My approach on this article in the Top Sires series will be different from the previous two (Tapit and Captaintreacherous). I will use an unlikely Morgan champion sport horse gelding as a door into the Morgan Horse's premier sport bloodlines. Avatar's Jazzman, a 14.1 hand Morgan, has demonstrated that pure talent out trumps size.
[Jazzman and Lauren taking a victory lap after a championship in dressage--photo used by permission of Suzanne Fisher.]
"Morgans do everything" says Lauren Chumley, his trainer--rider. And this author knows from personal experience that Lauren's statement is accurate, because I use a Morgan stallion as an improvement sire in my herd and he has proved himself a upgrader of excellence, passing on versatile talent along with good disposition, proper conformation and soundness.
Jazzman is only 14.1 hands, which is small even by modern Morgan standards, yet he has been slaying them in both eventing and dressage in open competitions. His opponents are often big hunters or warmbloods, many over 17 hands tall. So, how is it a pony can not only hold his own against the big guys but consistently score in the ribbons? This type of David amid the Goliaths is not unheard of, even at the highest level of competition, and we can call to mind the eventing Hall of Famer Jenny Camp at 15.2 hands winning Olympic individual and team silver, and then coming back four years later and winning the silver again. And there is the remarkable international eventing winner The Grasshopper, and he only 15.1 hands. And most will remember the surprising Theodore O'Connor, the 14.1 3/4 pony ridden by Karen O'Connor as he came in 3rd at Rolex, and then won individual and team gold in eventing at the Pan Am Games. In our Dressage Hall of Fame we find a pony also, the 14.2 hand Connemara pony Seldom Seen.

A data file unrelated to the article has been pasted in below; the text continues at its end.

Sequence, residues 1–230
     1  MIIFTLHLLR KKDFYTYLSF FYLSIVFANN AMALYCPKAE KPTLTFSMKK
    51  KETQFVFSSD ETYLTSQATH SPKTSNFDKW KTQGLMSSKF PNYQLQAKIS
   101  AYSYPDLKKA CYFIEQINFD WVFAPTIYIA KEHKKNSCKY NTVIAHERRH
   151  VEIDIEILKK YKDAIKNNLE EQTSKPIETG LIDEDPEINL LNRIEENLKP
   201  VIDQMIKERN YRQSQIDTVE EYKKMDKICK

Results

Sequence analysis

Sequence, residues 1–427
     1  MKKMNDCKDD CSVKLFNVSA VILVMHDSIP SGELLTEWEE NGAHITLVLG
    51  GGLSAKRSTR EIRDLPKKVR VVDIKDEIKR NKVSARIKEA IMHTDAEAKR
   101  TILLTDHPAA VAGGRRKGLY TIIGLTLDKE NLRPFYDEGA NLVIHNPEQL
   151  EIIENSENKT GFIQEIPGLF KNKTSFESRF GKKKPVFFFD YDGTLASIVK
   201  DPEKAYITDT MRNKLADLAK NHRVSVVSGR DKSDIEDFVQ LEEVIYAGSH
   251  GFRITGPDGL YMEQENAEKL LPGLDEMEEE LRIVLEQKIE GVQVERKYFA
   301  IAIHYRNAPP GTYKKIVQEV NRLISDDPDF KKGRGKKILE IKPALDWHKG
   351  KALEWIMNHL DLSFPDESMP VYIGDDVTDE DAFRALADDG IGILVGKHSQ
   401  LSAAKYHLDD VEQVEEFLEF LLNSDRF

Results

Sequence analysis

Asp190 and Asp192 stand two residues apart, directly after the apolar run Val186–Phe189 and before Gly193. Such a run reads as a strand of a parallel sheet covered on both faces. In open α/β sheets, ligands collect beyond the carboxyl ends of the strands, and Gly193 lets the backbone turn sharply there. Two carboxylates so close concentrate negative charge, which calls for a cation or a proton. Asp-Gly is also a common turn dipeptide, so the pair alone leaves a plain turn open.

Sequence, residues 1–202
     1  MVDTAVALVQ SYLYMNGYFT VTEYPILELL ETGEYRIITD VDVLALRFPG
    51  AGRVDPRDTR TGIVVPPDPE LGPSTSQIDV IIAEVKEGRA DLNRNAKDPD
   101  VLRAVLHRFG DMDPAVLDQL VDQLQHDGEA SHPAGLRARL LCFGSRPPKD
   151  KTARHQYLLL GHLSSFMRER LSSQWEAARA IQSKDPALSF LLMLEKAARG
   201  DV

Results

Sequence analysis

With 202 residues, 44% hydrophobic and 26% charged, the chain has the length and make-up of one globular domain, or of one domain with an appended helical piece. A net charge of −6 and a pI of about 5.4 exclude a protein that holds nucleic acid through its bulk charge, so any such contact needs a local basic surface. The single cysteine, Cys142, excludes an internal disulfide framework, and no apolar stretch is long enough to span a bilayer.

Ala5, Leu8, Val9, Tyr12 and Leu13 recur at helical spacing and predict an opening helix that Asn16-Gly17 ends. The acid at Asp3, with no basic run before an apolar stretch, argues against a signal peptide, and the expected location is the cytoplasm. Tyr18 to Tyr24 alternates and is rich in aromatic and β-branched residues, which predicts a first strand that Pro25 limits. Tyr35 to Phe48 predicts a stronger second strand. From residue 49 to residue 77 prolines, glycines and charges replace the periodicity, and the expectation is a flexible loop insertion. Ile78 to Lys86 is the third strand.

Jazzman's versatility is a trademark of the Morgan, and has been so since the early 1800s when it was proclaimed the best family and road horse. And Lauren is right, they can do just about anything, and with enthusiasm; they are athletes to the core. They have a active, yet cooperative mind, that can get bored with just ring work, and as Lauren discovered it was best to give him a wide variety of activities and he rewarded her with performing well in all. We will use this little fella's pedigree and genetics to see just where this great sport stuff comes from.
Jazzman was bred by Cordia Pearson of Avatar Morgans in Minnesota, purchased by Melissa Dowling of Maryland, and then trained and competed by Lauren Chumley. He reached Gran Prix level in dressage, he jumps 1.10 meters (3 1/2 feet) easily, excelled in training level eventing, plus he loves when Lauren takes him on a fox hunt or hunter pace. He is now 17 years old, but still going strong--Morgans tend to be long lived.
[Lauren and Jazzman doing dressage, photo used by permission of Joan Davis/Flatlands foto]
Lauren has given me a abbreviated overview of her time with him:
"Melissa Dowling purchased Jazz as a barely-started four or five year old in 2005 or 2006....He had about thirty days undersaddle at that point. I finished starting him in Ohio, which is where I lived at the time. When I took an assistant trainer position in 2007 in New Jersey and Florida Melissa took Jazz home for a few years to ride herself. He eventually returned for additional training and showing. We had no idea of how far he could go so we just started training and never stopped! He did his first Grand Prix a couple of years ago and has been improving steadily. While he's probably never going to get a 70% he tries harder than anyone else and gets the job done. Jazz has also competed in eventing. I started hunter pacing him to keep his active and sharp Morgan brain busy and that lead to Beginner Novice eventing, and then we just kept going until Training Level. He's done Grand Prix dressage, Training level eventing, hunter paced and fox hunted. I don't foxhunt very often but when I do, he's my best one!"